The struggle to bring the abstract, but ever so real, experience of "pain" within the boundaries of quantitative science continues. This is no mere academic exercise. Pain measurement enables the prospect of better understanding of pain-cause and cure.
330 participants in a six to eight week inpatient rehabilitation program for chronic low-back pain were assessed on nine items of pain behavior by staff ratings at: admission to the program, discharge from the program and one-month follow-up. The nine four- category items were: endurance, strength, flexibility, pain expression (gestures and vocalization), muscle tension, sitting tolerance, assertiveness, comprehension of chronic pain treatment, and understanding of the relationship between pain and anxiety.
Conventional analysis of this type of data fails. The chi-square statistic is no help because information about the ordered nature of the scale is lost. Ridit analysis (Bross 1958) begins with the assumption that the ordered response categories represent an approximation to an underlying continuum with successive categories corresponding to consecutive intervals on the variable. But this method requires an arbitrary choice of a standard distribution against which to make comparisons. Results differ dramatically depending on this choice. Chi-square statistics and ridit analysis explore consistency across items within a test, but neither reveals where an individual respondent stands on the underlying concept which the test is intended to measure, or whether the test has done well in providing useful information.
Rasch analysis, in contrast, supplies a mathematically sound basis for interpreting the relationship of each rating to the underlying construct, and for developing a basis for future refinement of the test. Partial Credit analysis shows that the structure of the pain expression scale depends on the occasion of administration. The scale does not define an underlying continuum of pain behavior in the same way at admission as at discharge. At admission, the intermediate categories of "moderate" and "mild" pain provide much less clinical information than the extreme categories of "marked" and "negligible" pain. Yet the same ratings at discharge are related systematically to the overall pattern of behavior. The pain expression (Ow!) is less related to overall pain behavior at admission than after treatment. This seems due to involvement in the program, since modifying inappropriate vocalizations is an explicit goal.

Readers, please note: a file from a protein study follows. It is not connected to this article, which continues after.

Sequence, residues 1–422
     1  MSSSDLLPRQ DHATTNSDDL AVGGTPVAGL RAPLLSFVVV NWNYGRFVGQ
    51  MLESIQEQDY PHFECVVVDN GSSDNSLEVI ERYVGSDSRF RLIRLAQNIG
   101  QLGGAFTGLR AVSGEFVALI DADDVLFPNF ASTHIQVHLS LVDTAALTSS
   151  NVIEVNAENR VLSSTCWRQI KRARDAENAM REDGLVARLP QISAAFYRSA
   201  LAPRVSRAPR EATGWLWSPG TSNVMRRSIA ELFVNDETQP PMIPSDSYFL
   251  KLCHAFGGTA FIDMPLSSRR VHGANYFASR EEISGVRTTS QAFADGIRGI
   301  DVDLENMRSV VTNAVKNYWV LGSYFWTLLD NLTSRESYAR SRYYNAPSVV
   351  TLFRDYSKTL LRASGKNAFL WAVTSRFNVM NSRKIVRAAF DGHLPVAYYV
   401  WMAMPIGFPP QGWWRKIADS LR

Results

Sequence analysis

There was a mean improvement for the 330 patients of at least 3 logits on each of nine items, equivalent to an improvement from "marked" to "mild" pain for the group. Details in McArthur et al., Archives of Physical Medicine and Rehabilitation, 1991, 72:296-304.
Measuring Pain Behavior, D McArthur Rasch Measurement Transactions, 1991, 5:1 p. 129
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